10 Practical Tips for Writing Golang Applications

"Go is an open source programming language that makes it easy to build simple, reliable, and efficient software."

The phrase above that you can find on golang.org is a perfect summary of a programming language that fills a huge gap in the software industry. Due to its simplicity, performance and user-friendliness, Go quickly became one of my favourite programming languages. There aren't too many languages out there that you can build a web server with a few lines of code after all:

package main

import (

func handler(w http.ResponseWriter, r *http.Request) {
    fmt.Fprintf(w, "Go is amazing %s!", r.URL.Path[1:])

func main() {
    http.HandleFunc("/", handler)
    log.Fatal(http.ListenAndServe(":8080", nil))

Go is Strongly Typed

Go, not only reduces the amount of code you have to write, it also supports pointers and it's a strongly typed language. The types of every object must be known at runtime:

var distanceUnit string = "m"
distance := 200

var ptrPerson *Person
ptrPerson.walk(distance, distanceUnit)


Gofmt allows you to focus on the code instead of the indentation or style of it using a single command:

go fmt path/to/your/package

Standard Packages

Standard packages/libraries have pretty good support for most things you need so you won't need to search for third party packages.

Single Executable

Go applications compile into a single executable binary that makes life much easier for developers. Also, this simplifies the distribution of software and allows containerization (Docker, etc.) of services.

Dep (Dependency Manager)

A popular but non-standard package manager that enables us to keep track of the versions of the packages we use in our application. Here is a well-written how-to guide

Go uses Slices (Dynamic Arrays)

Slice is a very convenient dynamic array. Here is how to perform some operations on Slices:

// Iterate over slice
for i, v := range s { // use range, inc order
 // i - index
 // v - value
for i := 0; i < len(s); i++ { // use index, inc order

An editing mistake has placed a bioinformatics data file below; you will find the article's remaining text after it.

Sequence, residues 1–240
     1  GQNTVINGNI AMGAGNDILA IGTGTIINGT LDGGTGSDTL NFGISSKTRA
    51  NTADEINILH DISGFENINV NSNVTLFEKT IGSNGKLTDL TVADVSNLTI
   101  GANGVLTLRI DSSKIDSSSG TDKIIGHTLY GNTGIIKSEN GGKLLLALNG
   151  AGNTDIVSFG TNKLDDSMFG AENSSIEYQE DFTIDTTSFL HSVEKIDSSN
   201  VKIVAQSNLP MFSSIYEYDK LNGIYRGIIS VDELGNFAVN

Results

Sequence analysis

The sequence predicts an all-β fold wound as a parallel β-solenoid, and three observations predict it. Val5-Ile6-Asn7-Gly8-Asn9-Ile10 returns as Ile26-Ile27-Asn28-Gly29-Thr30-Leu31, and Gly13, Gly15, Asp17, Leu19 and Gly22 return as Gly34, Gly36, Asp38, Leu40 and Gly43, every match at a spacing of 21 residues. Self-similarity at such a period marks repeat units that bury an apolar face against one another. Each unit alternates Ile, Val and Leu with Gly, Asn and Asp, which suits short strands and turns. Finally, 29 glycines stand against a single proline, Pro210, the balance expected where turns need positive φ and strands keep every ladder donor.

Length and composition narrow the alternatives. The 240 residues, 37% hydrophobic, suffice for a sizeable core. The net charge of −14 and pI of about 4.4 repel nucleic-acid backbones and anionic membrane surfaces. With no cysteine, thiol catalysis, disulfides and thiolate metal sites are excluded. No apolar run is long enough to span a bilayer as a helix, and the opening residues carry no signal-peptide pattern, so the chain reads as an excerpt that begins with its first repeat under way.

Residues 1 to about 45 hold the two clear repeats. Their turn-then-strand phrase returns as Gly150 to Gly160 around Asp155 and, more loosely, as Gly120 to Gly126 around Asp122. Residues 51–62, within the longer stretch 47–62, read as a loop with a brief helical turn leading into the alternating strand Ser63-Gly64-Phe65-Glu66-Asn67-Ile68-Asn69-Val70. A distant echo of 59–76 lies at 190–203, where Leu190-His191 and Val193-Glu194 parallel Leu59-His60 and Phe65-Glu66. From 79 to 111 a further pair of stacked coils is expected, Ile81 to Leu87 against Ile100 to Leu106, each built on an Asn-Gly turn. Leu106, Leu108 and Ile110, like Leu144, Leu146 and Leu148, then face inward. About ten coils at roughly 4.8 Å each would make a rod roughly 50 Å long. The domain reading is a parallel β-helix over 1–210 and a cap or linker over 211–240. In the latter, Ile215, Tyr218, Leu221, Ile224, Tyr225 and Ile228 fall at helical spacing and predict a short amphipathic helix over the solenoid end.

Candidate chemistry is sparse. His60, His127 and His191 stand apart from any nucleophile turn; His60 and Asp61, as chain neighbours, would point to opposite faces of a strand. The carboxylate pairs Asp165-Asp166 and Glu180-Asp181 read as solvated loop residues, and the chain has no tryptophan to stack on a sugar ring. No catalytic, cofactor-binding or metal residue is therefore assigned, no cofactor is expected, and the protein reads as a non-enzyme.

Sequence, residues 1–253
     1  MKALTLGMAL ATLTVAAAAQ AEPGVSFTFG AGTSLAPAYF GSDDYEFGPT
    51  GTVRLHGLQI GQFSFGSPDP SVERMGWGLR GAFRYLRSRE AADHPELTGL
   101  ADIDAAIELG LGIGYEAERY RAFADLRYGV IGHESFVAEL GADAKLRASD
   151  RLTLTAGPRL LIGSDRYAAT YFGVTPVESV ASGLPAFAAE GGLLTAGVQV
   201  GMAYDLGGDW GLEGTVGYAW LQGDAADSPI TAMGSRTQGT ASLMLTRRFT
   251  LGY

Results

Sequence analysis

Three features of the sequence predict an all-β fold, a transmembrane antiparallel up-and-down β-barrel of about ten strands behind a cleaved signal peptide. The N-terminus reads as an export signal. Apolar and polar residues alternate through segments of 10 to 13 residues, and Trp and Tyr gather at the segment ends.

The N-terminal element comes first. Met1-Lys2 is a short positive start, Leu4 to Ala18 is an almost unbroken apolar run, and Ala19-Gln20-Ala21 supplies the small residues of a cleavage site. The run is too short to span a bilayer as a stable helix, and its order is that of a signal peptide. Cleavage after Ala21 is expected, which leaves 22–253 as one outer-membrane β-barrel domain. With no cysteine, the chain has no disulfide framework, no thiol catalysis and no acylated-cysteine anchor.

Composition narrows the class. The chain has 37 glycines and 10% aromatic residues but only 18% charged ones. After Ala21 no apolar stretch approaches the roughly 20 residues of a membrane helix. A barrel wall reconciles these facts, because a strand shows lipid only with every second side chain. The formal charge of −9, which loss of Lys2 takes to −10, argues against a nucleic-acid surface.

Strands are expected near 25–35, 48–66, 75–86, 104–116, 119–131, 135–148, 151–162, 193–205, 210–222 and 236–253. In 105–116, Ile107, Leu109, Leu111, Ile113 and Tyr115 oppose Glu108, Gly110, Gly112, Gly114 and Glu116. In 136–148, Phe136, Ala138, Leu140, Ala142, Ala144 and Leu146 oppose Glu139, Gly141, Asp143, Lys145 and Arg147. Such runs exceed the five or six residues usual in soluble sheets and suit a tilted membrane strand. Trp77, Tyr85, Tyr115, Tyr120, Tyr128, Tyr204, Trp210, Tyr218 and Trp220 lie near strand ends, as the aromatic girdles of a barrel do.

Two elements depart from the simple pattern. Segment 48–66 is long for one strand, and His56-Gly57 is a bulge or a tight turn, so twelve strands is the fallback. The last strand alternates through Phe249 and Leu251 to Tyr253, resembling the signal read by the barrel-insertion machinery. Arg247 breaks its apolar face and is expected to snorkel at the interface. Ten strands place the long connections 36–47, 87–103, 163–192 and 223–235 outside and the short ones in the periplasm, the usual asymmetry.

// i - index
 // s[i] - value
for i := len(s)-1; i >= 0; i-- { // use index, reverse order
 // i - index
 // s[i] - value

// Function argument
func f(s []T) // s - passed by value, but memory the same 
func f(s *[]T) // s - passed by refernce, but memory the same 

// Append
a = append(a, b...)

// Clone
b = make([]T, len(a))

// Remove element, keep order
a = a[:i+copy(a[i:], a[i+1:])]
// or
a = append(a[:i], a[i+1:]...)

// Remove element, change order
a[i] = a[len(a)-1] 
a = a[:len(a)-1]

Memory management with pools of objects

We can use thread safe pools to collect objects for reuse:

var p sync.Pool
var o *T 
if v := p.Get(); v != nil {
 o = v.(*T)
} else {
 o = new(T)

// use o

p.Put(o) // return to reuse

Close Channel to Notify Multiple Listeners

Closing a channel will notify all the readers on that channel:

c := make(chan int)

for i := 0; i < 5; i++ {
 go func(i int) {
  _, ok := <-c
  fmt.Printf("closed %d, %t\n", i, ok) // random order


We can inherit the properties, methods of a struct by embedding it into another struct:

type A struct {
 Id int
 B // embed B struct

Concatenating and Building Strings in Go 1.10+

With the arrival of Go 1.10. It's now possible to use String Builder to create strings in an efficient way:
import (

func main() {
 s := "Hello "

 log.Println(join(s, "World"))

func join(strs ...string) string {
 var sb strings.Builder
 for _, str := range strs {
 return sb.String()

Variadic Functions

Variadic functions can be called with any number of trailing arguments:

func variadicFunc(anotherArg int, args ...string) ([]string, int) {
 var arr []string
 for _, s := range args {
  arr = append(arr, s)
 return arr, anotherArg

func main() {
 fmt.Println(variadicFunc(129471294, "1", "2", "3")) // ["1","2","3"]

That's all for now, feel free to leave a comment below, if you have anything to add or ask. Thank you and happy coding!

Software Developer, Codemio Admin

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